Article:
Arbie - Monday, September 9, 2013 - linkI agree with BabelHuber. No micro/SD = no sale. Talk all you want about how "most of us are streaming from the cloud" or "internal memory is lots faster" - but that means nothing to me. I *DO* want to watch and listen to media and I *DO* want to move it on and off the device quickly. Like when I grab the thing for a trip. Micro/SD lets me do this and works GREAT. You stream; I'll snap.
Micro/SD is worth $$ to me. Conversely, I'm not going to spend $$$$ on a device like this without it. As Babel says: why take the phone with less options? It simply does not make sense.
hughlle - Monday, September 9, 2013 - linkYet people happily take the iphone with less options time and time again. apple market their harware properly, and the lack of options becomes irrelevant.
The lack of an SD card will certainly cause a loss of sales from a certain market, but it is a minimal loss of sales in the grand scheme of things. Rather like imagining the loss of sales from people who won't buy this phone because it's not available in pink. It's a non-event.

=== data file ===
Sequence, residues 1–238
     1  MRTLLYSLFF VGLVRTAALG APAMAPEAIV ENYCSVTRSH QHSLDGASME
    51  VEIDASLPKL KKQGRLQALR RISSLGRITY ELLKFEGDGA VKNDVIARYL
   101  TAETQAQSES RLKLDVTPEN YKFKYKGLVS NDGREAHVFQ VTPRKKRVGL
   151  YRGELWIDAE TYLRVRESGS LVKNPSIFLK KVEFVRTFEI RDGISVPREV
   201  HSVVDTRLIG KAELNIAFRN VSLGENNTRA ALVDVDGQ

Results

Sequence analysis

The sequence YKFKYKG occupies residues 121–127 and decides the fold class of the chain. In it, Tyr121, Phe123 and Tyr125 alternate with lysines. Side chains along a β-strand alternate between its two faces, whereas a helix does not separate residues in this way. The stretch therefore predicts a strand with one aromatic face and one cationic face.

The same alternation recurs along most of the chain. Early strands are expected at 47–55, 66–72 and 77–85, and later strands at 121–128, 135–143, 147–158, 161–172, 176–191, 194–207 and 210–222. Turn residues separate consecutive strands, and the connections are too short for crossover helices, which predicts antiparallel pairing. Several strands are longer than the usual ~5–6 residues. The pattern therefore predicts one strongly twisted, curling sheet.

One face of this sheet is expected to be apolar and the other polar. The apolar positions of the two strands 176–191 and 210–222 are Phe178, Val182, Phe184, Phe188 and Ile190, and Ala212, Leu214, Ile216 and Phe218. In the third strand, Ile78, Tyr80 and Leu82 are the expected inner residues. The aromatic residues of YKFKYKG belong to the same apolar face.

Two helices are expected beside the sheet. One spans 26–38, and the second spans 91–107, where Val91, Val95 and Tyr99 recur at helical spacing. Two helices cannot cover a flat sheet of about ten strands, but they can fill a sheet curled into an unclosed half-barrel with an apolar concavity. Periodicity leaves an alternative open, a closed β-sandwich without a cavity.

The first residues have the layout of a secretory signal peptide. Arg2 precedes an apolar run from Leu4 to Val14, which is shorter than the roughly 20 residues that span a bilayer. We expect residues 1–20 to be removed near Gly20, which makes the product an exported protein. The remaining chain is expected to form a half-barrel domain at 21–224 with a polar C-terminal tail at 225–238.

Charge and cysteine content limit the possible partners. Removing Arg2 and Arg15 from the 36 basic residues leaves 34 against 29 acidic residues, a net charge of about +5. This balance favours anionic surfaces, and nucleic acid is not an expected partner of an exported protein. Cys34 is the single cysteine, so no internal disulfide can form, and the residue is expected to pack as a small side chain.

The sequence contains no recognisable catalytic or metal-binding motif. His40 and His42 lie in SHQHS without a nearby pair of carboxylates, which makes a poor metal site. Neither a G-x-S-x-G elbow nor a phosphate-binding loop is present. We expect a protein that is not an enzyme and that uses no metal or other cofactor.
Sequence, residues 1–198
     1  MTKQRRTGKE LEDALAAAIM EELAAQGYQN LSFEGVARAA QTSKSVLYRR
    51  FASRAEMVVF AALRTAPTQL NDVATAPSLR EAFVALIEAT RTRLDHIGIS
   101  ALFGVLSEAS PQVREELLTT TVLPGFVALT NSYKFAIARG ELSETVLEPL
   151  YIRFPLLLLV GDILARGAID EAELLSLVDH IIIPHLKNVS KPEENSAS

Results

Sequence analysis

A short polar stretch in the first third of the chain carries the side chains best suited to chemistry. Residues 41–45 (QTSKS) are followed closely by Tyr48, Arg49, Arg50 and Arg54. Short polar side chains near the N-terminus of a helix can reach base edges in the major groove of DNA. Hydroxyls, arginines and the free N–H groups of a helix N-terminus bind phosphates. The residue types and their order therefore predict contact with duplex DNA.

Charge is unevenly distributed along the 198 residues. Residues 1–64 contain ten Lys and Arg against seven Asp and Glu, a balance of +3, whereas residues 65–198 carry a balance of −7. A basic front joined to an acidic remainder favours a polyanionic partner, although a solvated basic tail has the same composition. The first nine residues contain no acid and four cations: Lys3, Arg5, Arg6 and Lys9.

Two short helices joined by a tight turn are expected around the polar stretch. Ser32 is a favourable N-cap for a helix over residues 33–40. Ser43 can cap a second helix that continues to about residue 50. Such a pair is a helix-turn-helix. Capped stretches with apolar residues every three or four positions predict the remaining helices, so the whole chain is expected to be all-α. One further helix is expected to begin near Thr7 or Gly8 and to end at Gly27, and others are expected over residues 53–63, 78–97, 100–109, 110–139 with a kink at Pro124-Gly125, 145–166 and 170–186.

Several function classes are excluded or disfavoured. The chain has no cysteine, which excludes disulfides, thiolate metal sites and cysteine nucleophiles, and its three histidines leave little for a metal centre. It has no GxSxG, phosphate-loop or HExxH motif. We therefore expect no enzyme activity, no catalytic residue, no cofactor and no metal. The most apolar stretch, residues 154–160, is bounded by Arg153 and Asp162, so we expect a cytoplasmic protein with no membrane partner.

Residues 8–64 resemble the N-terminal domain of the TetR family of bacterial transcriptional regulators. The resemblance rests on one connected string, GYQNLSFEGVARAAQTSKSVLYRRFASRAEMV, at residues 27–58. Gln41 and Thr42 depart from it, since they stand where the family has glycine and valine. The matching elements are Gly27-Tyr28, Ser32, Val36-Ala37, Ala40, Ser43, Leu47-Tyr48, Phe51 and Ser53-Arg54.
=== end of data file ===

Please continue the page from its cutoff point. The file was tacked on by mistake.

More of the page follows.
As has been said, the majority of people care about total space, not removable storage. you can not put an accurate number on the ratio, but to try and argue it is otherwise is silly. The majority want to be able to take photos, record videos, dowload music and shows, not root around in their handbag or pocket or draw for the correct SD card that has their scrubs episodes on it. Average joe wants simplicity. they want to be able to press the screen and access their content. Not start swapping cards in and out.
Impulses - Saturday, September 7, 2013 - linkYes, the power of branding is incredible. The words Samsung and Galaxy are pounded into the social consciousness to the point that they're now synonymous with Android (like Moto/VZW's Droid campaign early on). It's a very very strong effect.